Biodiversity Data Journal : Taxonomic paper
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Taxonomic paper

New records of Microgaster deductor Nixon, 1968 (Hymenoptera: Braconidae: Microgastrinae) for the Holarctic region, with comments on its historical distribution

expand article info Jose L Fernandez-Triana
† Canadian National Collection of Insects, Ottawa, and Biodiversity Institute of Ontario, University of Guelph, Ottawa, Canada
Open Access

Abstract

Four new localities for the species Microgaster deductor Nixon (1968) are recorded from the Nearctic (Canada and the United States) and the Palaearctic (Sweden), expanding significantly the range of the species. M. deductor seems to be widely distributed in boreal areas of the Holarctic, and it is characterized by unique morphological (tarsal claw structure) and molecular (COI) traits. Preliminary evidence, to be corroborated when more data is available, suggests that the species might have shifted northwards between 1950 and the present day.

Keywords

Microgastrinae, Nearctic, Palaearctic, Holarctic distribution, COI gene, morphology, species distribution

Introduction

Microgaster deductor Nixon (1968) is a very distinctive microgastrine wasp (Hymenoptera, Braconidae), and can be easily separated from all Holarctic species of Microgaster based on its tarsal claws, which have a lobe (Nixon 1968) (Fig. 2). Until very recently the species was thought to be restricted to northern areas of Europe, in the Western Palaearctic (Huflejt 1997, Koponen and Vikberg 1984). However, a few years ago the species was recorded from Churchill, Manitoba, Canada (Fernandez-Triana et al. 2011, Fernández-Triana 2010). That locality was the first record of the species for the Nearctic, and suggested that M. deductor could be more widely distributed in sub-Arctic or Arctic areas of the Holarctic (Europe and North America).

Here Microgaster deductor is recorded from four additional localities, three in the Nearctic and one in the Palaearctic, which expand significantly the known range of the species. Morphological and molecular data that serve as diagnostic tools are presented, and the potential of a shift northwards of the species distribution is briefly discussed.

Materials and methods

All the specimens studied for this paper are deposited in the Canadian National Collection of Insects (CNC), Ottawa, Canada. The only exception is one female deposited in the Biodiversity Institute of Ontario, which was not examined directly. Instead it was studied based on a single photo (habitus, lateral) and associated DNA barcode, both freely available as public data in the Barcode of Life Data Systems (BOLD) (http://www.boldsystems.org/).

Additionally, 40 specimens of Microgaster spp., representing contemporary collecting from the Swedish Malaise Trap Project (http://www.artdata.slu.se/svenskaartprojektet/malaisetrap.asp) were examined, although no specimen of M. deductor was found in those samples.

The historical data on the distribution of the species was extracted from the original references (Huflejt 1997, Koponen and Vikberg 1984, Nixon 1968) and compared against the new records reported here. A map with the distribution of the species was generated using SimpleMappr (Shorthouse 2010).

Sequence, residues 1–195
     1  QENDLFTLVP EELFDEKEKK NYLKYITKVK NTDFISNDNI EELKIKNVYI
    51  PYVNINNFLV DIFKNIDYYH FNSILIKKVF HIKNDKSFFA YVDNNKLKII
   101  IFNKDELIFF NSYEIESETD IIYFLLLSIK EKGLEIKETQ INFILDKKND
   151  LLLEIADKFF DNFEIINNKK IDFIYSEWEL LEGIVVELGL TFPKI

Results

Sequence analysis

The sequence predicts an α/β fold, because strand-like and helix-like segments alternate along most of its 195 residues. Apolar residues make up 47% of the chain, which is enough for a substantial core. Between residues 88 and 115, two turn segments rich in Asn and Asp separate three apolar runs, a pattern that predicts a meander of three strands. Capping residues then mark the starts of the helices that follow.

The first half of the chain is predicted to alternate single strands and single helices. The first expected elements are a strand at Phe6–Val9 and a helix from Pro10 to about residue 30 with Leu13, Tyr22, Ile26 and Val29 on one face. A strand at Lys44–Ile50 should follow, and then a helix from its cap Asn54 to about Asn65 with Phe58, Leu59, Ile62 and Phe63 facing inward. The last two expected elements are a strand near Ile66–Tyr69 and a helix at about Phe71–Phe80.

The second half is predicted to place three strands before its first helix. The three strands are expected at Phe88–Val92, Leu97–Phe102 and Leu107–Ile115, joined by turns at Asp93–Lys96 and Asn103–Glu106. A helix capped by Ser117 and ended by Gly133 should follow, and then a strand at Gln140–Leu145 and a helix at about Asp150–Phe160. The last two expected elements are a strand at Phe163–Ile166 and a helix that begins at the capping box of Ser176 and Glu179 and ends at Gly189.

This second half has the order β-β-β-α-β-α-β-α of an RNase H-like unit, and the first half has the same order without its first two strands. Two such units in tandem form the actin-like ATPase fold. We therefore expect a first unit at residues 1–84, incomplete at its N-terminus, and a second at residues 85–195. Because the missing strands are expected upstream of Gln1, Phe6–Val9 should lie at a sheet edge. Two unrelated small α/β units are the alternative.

Taxon treatment

Microgaster deductor Nixon, 1968

Materials   Download as CSV 
Holotype:
  1. country: Finland; stateProvince: Lapland; verbatimLocality: Ivalo; individualCount: 1; sex: female; institutionCode: BMNH
Paratypes:
  1. country: Finland; stateProvince: Lapland; verbatimLocality: Ivalo; individualCount: 2; sex: 1 female, 1 male; institutionCode: BMNH
  2. country: Sweden; stateProvince: Lapland; verbatimLocality: Torneträsk; individualCount: 1; sex: female; institutionCode: BMNH
Other materials:
  1. country: United States; stateProvince: Alaska; verbatimLocality: Unalakleet; verbatimLatitude: 63.878889; verbatimLongitude: -160.789722; eventDate: 27 Jun 1961, 28 Jun 1961, 4 Jul 1961; individualCount: 3; sex: 1 female, 2 males; recordedBy: Jose Fernández-Triana; institutionCode: CNC
  2. country: Sweden; stateProvince: Lapland; verbatimLocality: Abisko; verbatimLatitude: 68.35; verbatimLongitude: 18.816667; eventDate: 29 Jul 1951, 9 Aug 1951, 15 Aug 1951; individualCount: 4; sex: females; recordedBy: Jose Fernández-Triana; institutionCode: CNC
  3. country: Sweden; stateProvince: Lapland; verbatimLocality: Abisko; verbatimElevation: 400 m; verbatimLatitude: 68.35; verbatimLongitude: 18.816667; eventDate: 31 Jul 1960; individualCount: 1; sex: female; recordedBy: Jose Fernández-Triana; institutionCode: CNC
  4. country: Canada; stateProvince: Northwest Territories; verbatimLocality: Tuktoyaktuk; verbatimLatitude: 66.4445; verbatimLongitude: -133.032; samplingProtocol: Sweeping; eventDate: 14 Jul 2010; individualCount: 1; sex: female; recordedBy: Jose Fernández-Triana; institutionCode: CNC
  5. country: Canada; stateProvince: Yukon Territory; verbatimLocality: Herschel Island; verbatimLatitude: 69.571; verbatimLongitude: -138.902; eventDate: 29 Jul 2008; individualCount: 1; sex: female; recordedBy: Jose Fernández-Triana; institutionCode: BIO
  6. country: Canada; stateProvince: Manitoba; verbatimLocality: 23 km E of Churchill; verbatimLatitude: 58.734; verbatimLongitude: -93.82; eventDate: 12 Jul 1952, 18 Jul 1952, 23 Jul 1952, 28 Jul 1952, 29 Jul 1952, 3 Aug 1952, 5 Aug 1952; individualCount: 35; recordedBy: Jose Fernández-Triana; institutionCode: CNC
  7. country: Canada; stateProvince: Manitoba; verbatimLocality: Warkworth Creek nr. Churchill; verbatimLatitude: 58.375; verbatimLongitude: -93.875; eventDate: 29 Jun 1952, 7 Jul 1952, 3 Aug 1952; individualCount: 6; recordedBy: Jose Fernández-Triana; institutionCode: CNC

Discussion

New distribution records for Microgaster deductor in the Nearcitc include three localities: Unalakleet, Alaska (United States), and Tuktoyaktuk, Northwest Territories and Herschel Island, Yukon Territory (Canada). They expand considerably the distribution of the species in the Holarctic, and the Alaskan record suggests the possibility that the species might also be in Siberia, Russia (although that could not be confirmed during this study). The new record in the Palaearctic is from Abisko in Sweden, a locality very close to that of Torneträsk, where one of the paratypes, included by Nixon (Nixon 1968) in his original description of the species, was collected. It should be clarified that Nixon misspelled the name of that locality as Tornekrask.